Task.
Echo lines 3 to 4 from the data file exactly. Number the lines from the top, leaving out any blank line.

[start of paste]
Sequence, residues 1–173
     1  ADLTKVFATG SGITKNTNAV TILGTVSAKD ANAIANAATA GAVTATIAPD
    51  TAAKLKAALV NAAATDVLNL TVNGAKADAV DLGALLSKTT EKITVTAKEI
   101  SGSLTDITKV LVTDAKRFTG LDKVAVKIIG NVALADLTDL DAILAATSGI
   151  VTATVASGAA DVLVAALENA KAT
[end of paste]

    51  TAAKLKAALV NAAATDVLNL TVNGAKADAV DLGALLSKTT EKITVTAKEI
   101  SGSLTDITKV LVTDAKRFTG LDKVAVKIIG NVALADLTDL DAILAATSGI